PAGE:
We love Holochain, its community and the way peer-to-peer technologies enable new patterns of social organization.
A lot of folks in the Holochain community have had a shared vision for some time. It goes a bit like this:
Imagine a world in which data is not stored in isolated siloes, but rather in decentralized networks, that each agent joins based in the context they are in and participates fully in the network. This means that, for example, the calendar events a particular agent cares about are actually spread not only in one source of data, but distributed in the many different networks they are participating in.
If data is not owned by some company in some server, we could start building ways to consume that data that adapt to the context of the agent itself. This could be a web-UI fetching data from multiple networks to build the unique calendar events for each person, or a personalized dashboard of the things that are most important to them, aggregated using custom visualization charts.
For this to work, we need to develop smart and reusable building-blocks that can adapt to those many (many!) different contexts.
Oh oh! We could even think of collections of downloadable UI widgets that can read the same data and render it differently. Maybe each widget has a different theme, or they put emphasis on different perspectives (personal, relationship with others, relationship to the whole). What else could we do? So exciting!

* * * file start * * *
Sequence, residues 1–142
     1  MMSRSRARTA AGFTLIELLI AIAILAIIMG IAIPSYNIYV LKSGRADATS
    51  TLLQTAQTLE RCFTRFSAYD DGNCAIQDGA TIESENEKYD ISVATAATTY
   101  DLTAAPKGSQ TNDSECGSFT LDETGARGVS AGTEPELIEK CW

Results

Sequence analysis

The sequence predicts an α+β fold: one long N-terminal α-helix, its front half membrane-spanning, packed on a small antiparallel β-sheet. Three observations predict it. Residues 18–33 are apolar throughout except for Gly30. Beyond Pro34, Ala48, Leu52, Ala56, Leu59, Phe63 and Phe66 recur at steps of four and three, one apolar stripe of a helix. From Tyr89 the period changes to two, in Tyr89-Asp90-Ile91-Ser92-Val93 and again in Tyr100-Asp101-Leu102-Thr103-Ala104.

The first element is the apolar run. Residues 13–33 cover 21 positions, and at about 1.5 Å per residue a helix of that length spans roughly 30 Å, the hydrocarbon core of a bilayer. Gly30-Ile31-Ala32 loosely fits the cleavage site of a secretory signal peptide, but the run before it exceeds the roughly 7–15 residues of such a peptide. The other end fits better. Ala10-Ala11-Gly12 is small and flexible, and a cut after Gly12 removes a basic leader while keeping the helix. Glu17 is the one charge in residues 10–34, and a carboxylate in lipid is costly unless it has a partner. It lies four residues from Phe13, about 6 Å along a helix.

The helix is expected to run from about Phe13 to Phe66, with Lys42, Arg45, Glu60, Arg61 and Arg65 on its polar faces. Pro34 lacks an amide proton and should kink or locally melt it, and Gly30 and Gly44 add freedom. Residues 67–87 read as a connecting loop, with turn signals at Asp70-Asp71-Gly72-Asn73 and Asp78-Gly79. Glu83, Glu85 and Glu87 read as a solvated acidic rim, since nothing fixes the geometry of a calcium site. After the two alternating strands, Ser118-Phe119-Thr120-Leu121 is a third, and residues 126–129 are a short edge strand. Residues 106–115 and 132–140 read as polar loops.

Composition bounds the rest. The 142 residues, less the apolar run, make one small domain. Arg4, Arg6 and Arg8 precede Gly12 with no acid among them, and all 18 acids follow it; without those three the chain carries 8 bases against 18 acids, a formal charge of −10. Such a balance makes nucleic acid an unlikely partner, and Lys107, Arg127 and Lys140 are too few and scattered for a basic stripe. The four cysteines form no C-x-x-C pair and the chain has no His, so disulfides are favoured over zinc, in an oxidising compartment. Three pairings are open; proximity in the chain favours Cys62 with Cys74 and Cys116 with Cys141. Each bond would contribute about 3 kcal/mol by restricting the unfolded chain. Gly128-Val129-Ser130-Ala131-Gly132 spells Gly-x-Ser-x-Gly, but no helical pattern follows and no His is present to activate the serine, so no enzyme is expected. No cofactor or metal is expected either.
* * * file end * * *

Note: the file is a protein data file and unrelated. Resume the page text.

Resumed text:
Projects that share at least part of this vision include Neighborhoods, hREA, Generative Objects, Ceptr, and many others (hi all to the amazing folks from the Holochain community :) ).
We think one of the first steps we can take towards this vision is starting to develop a set of generic and reusable building-blocks that can be included in any Holochain application. This means trying to assume as little as possible about the consuming application, and have a carefully designed distribution of responsabilities between the modules so that they can be combined with each other as needed in differnt contexts and use cases. Each module consists of at least a backend zome (or similar), and a UI package.
Converging towards that vision, there is a very pragmatic reason to follow this pattern of development: it is hard to develop software! If we can reuse full modules that have been developed already by others in the Holochain community, we can speed up the process of creating a new hApp enourmously, building on top of the shoulders of giants.
With the emergence of Custom Elements as a new standard for developing components that work everywhere, we see an opportunity to start developing web-based frontend modules that work anywhere. These elements can even be downloaded at runtime, instantiated and rendered in the webpage directly, which enables dynamic UIs that fetch the widgets depending on the preferences of the users themselves, rather than having to go back to the SPA code and build it again.